The Marshall Liberal Government has welcomed a decision by the Australian Education Union’s state executive to endorse unanimously the Government’s Enterprise Agreement offer for teachers, principals and preschool directors to go to a ballot of its members, in a move that is hoped will resolve the long-running pay dispute.
Treasurer Rob Lucas said it was a welcome and positive step that all parties (the Government, AEU and the Public Service Association) had agreed that the upcoming conciliation hearing in the SA Employment Tribunal not proceed.
The offer – which covers the period 2018-19 to 2022-23 – supports the state’s ambition to be the nation’s leader in education by building and retaining an expert teaching workforce.
“We welcome the fact the AEU executive has voted unanimously to endorse the Government’s revised enterprise agreement offer to go to a ballot of its members,” Mr Lucas said.
“This is a positive step forward and the Government is hopeful it will lead to a sensible resolution of our Enterprise Bargaining negotiations, which gives exceptionally fair and reasonable salary increases and also provides greater assistance and support to teachers in the classroom.
“The AEU’s request to suspend further hearings in the SA Employment Tribunal is a further indication of the positive progress the parties have made in negotiations.
“We urge members to support the offer.”
The Government has increased its offer of a ‘complexity allowance’ for schools by $3m per annum from $12m to $15m. Every school will receive funding, which will be used to assist teachers in managing their workload relating to students with complex needs, for example, by engaging additional teachers or support staff and to meet the cost of expert assistance. On average, schools will get $29,469 per year (and up to $158,914 per year), with individual schools to decide how their funding is spent.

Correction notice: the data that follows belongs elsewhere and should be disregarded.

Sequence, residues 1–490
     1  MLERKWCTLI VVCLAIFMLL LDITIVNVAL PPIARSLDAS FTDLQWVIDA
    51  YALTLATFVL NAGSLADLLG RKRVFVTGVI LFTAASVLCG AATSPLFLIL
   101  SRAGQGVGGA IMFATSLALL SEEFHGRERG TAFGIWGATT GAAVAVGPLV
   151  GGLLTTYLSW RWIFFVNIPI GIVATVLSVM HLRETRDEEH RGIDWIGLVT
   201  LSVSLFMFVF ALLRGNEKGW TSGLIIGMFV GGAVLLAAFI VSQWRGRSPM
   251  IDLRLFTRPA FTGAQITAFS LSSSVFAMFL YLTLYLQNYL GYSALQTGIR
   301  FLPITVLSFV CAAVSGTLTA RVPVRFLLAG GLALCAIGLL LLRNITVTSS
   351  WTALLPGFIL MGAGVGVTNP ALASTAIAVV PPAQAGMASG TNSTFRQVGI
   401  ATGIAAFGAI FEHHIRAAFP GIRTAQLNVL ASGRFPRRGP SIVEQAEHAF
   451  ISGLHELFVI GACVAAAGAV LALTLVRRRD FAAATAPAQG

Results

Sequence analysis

The offer also includes:
- Enhanced country incentives to attract and retain teachers in country schools, including increasing the incentive from 5 years up to 8 years in areas that are difficult to staff;
- More certainty for part-time teachers around timetabling and protection for seconded teachers around hours of duty, time-off in lieu and travel;
- A reduction in face-to-face teaching time for teachers in standalone preschools;
- A reduction in face-to-face teaching time for principals;
- Extra funds for schools with classes with students who have special needs;
- New positions for highly-accomplished and lead teachers;
- A new level 6 classification for Aboriginal Education Workers
Salary increases of 2.35% per annum for teachers and 3.35% for Principals and Preschool Directors, with pay increases up until May 2022.
The Government’s original offer in June this year included 1.0% of the first 2.35% pay rise for teachers backdated to October 2018. This revised offer increases the amount of the first pay rise which is backdated to October 2018 to 1.35%.
In exchange, there will be greater flexibility in human resource management and some more sensible rules about the system of allowances for teachers in country schools.
The AEU will conduct a ballot of its members by the end of next week. If the offer is supported, the next step will be to conduct a ballot of all of the state’s 28,000 teachers, principals and support staff in the first week of Term 1, 2020. If employees vote in favour of the offer, then the agreement will be formalised.